He said he has some 40 to
5 0 letters from teachers and
p rofessors, commending him
f or his efforts, and he
g uessed that 30 per cent of
t he school groups were Jew-
sh.
Two-hundred girls from a
p arochial high school re-
q uired 'an all-day visit be-
C ause Bozich could take only
2 0 at a time through the
mall exhibit area.
There were many items he
w as unable to show be-
ause of lack of available

space. Of the 25 manikins he
acquired, there was room for
only 20. The other five stood
in the Bozich apartment.
Bozich said that, despite
the closing, he will continue
to collect war relics. He add-
ed that he would be pleased
to see some organization
lease the museum and run it.
Despite its untimely de-
mise, the museum was an
experience Bozich wouldn't
trade, he said. "Lots of
young people benefited; it
made it worthwhile."
In the month remaining,
Bozich will show the collec-
tion to groups and indivi-
duals. For information, call
391-0404. The museum can be
reached via 1-75, to Joslyn
Rd., turn right for three
miles to the Keatington An-
tique Village sign. Hours are
10 a.m.-5 p.m. Tuesday
through Saturday; and noon-
5 p.m. Sunday.

Farah Boycott Ends;
Workers to Unionize

NEW YORK — More than
4,000 workers at the Farah
Co., a manufacturer of men's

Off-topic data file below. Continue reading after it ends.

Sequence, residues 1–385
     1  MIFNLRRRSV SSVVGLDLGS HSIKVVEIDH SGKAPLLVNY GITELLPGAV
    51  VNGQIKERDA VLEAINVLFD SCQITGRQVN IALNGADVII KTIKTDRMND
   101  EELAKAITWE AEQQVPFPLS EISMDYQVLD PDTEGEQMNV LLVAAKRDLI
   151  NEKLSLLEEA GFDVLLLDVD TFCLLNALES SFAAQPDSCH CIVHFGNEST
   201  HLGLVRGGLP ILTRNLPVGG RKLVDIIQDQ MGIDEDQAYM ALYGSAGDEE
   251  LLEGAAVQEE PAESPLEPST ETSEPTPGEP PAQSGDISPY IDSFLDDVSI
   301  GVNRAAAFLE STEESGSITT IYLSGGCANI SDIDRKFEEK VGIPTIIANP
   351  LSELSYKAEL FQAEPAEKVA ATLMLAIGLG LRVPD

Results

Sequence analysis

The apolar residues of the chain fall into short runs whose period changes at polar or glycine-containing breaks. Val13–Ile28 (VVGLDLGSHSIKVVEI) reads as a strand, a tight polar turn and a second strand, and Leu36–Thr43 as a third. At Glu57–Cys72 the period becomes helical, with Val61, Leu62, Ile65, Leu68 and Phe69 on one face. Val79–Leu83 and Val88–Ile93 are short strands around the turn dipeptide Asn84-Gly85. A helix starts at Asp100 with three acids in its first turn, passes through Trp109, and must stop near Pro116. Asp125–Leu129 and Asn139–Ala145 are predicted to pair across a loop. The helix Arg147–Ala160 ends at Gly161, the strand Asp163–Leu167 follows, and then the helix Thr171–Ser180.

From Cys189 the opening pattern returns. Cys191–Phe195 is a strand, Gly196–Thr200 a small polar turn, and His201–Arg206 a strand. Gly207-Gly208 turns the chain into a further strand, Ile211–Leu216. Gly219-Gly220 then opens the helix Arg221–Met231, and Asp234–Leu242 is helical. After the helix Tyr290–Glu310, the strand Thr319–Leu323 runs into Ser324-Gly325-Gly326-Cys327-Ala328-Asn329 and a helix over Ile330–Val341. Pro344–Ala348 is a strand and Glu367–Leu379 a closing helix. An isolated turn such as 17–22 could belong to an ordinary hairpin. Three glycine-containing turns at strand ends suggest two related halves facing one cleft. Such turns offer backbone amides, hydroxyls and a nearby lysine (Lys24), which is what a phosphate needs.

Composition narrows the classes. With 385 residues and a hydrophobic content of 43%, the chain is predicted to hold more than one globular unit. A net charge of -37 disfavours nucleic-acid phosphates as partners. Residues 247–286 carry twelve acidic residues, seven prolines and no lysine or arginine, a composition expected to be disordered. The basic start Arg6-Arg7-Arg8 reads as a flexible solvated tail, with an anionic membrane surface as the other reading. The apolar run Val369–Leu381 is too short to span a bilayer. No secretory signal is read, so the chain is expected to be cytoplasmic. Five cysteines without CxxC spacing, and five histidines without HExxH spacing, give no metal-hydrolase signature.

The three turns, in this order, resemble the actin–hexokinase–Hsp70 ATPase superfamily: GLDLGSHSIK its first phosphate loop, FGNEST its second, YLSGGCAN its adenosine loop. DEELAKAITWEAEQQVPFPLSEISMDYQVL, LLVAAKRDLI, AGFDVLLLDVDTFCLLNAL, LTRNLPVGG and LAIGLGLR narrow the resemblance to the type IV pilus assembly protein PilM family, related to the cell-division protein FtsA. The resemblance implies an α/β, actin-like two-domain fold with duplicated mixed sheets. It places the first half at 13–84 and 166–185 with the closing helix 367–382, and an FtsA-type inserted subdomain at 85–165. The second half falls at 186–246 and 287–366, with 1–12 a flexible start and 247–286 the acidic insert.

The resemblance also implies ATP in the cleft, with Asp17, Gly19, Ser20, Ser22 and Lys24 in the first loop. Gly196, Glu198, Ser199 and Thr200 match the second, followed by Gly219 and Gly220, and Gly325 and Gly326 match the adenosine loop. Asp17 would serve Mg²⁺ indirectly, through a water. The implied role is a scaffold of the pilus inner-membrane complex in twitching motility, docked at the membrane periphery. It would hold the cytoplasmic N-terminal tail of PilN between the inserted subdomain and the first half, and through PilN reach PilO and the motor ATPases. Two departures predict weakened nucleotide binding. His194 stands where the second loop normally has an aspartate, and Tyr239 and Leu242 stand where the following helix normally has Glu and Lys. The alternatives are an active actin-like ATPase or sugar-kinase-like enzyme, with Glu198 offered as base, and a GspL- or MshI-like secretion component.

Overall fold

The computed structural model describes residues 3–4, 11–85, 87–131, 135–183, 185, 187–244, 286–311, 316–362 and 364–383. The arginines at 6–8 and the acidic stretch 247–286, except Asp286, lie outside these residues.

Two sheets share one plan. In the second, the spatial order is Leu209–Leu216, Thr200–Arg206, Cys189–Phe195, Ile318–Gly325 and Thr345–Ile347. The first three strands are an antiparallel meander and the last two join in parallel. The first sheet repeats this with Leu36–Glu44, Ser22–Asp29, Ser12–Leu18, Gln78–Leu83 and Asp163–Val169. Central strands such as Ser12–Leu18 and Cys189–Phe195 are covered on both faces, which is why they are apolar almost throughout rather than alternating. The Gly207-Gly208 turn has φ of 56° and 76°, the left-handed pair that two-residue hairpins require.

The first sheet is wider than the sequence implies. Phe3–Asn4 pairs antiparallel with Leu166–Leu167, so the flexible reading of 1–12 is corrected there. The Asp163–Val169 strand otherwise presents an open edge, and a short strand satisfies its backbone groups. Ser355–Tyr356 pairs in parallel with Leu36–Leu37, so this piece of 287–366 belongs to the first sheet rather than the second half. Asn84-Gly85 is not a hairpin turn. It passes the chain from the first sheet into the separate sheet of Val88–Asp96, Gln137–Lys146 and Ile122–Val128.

and boys' slacks, ended a
bitter 19-month strike and
boycott after winning their
demand for representation
by the Amalgamated Cloth-
ing Workers of America
(ACWA).
The boycott, supported in
a letter to synagogues around
the country by the Board of
Rabbis of Southern Cali-
fornia, was initiated in May
1972 when several wgrkers
at a plant • in San Antonio
were fired for union organ-
izing.

The distinctions separating
the social classes are false;
in the last analysis they rest
on force.—Albert Einstein.

Latin America Study Mission Is Planned

NEW YORK — A study
mission set up for March 8-
26 to five Latin American
nations has been organized
by the National Jewish Wel-
fare Board (JWB) for a
group of North American
Jewish Community Center
leaders.
The study mission, planned
by JWB's world service
committee, is in response to
invitations from Jewish com-
munity leaders in Argentina,
Brazil, Uruguay, Panama
and Mexico.
The purpose of the mission
is to familiarize Jewish com-
munal leader s from the
United States and Canada
with problems and programs
of Jewish communities in
Buenos Aires, Sao Paulo, Rio
de .7 a ne i r o, Montevideo,

Panama City and Mexico
City.
It is also designed to
strengthen the ties binding
Jewish communities in the
Western Hemisphere to each
other and to Israel, and to
make Latin America a part
of the International scene and
to serve the social and cul-
tural needs of world Jewry
through Jewish community
centers.

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To any ,state. Also drivers furnish-
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by Appt. only

IF GAS AT 60`A
GALLON SEEMS HIGH
WHAT ABOUT THE
$16 POTATO ?
r=-1

0

On February 21, 1974, May Maine Potato Futures closed at a price
of $16.30 CWT. What makes this price especially impressive is that
eight months ago (June 29, 1973) May Maines were $5.94 CWT..
thereby -making potatoes one of the few commodities to increase
in price by over 100% (A $5,100.00 PER CONTRACT ADVANCE).
What can we expect to see in the future?

Write for our free report explaining in detail specific buy
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Clearing Members: Chicago Mercantile Exchange, International Monetary Market, New York Mercantile Exchange.